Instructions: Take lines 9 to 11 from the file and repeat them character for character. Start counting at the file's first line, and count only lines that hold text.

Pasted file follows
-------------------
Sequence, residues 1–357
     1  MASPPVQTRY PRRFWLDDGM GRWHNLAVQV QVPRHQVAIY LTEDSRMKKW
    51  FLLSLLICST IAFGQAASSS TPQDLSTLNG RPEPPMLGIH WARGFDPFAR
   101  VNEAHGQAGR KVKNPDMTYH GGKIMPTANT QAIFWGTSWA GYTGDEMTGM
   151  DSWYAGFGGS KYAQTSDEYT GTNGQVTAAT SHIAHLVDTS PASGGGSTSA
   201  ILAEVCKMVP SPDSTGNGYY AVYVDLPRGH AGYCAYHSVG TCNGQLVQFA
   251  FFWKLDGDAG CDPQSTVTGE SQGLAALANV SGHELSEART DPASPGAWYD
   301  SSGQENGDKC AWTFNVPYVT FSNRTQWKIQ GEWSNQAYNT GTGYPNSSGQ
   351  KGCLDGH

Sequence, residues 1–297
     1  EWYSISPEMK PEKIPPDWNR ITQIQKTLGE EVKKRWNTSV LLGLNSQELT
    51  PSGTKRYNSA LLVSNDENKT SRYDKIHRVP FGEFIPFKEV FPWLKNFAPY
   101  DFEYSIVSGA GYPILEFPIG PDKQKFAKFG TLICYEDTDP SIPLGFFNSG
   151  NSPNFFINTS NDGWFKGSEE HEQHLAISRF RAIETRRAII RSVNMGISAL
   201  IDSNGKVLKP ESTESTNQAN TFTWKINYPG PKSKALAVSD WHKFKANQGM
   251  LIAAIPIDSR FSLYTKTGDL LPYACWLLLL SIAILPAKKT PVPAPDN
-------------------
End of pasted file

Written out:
   351  KGCLDGH

Sequence, residues 1–297
     1  EWYSISPEMK PEKIPPDWNR ITQIQKTLGE EVKKRWNTSV LLGLNSQELT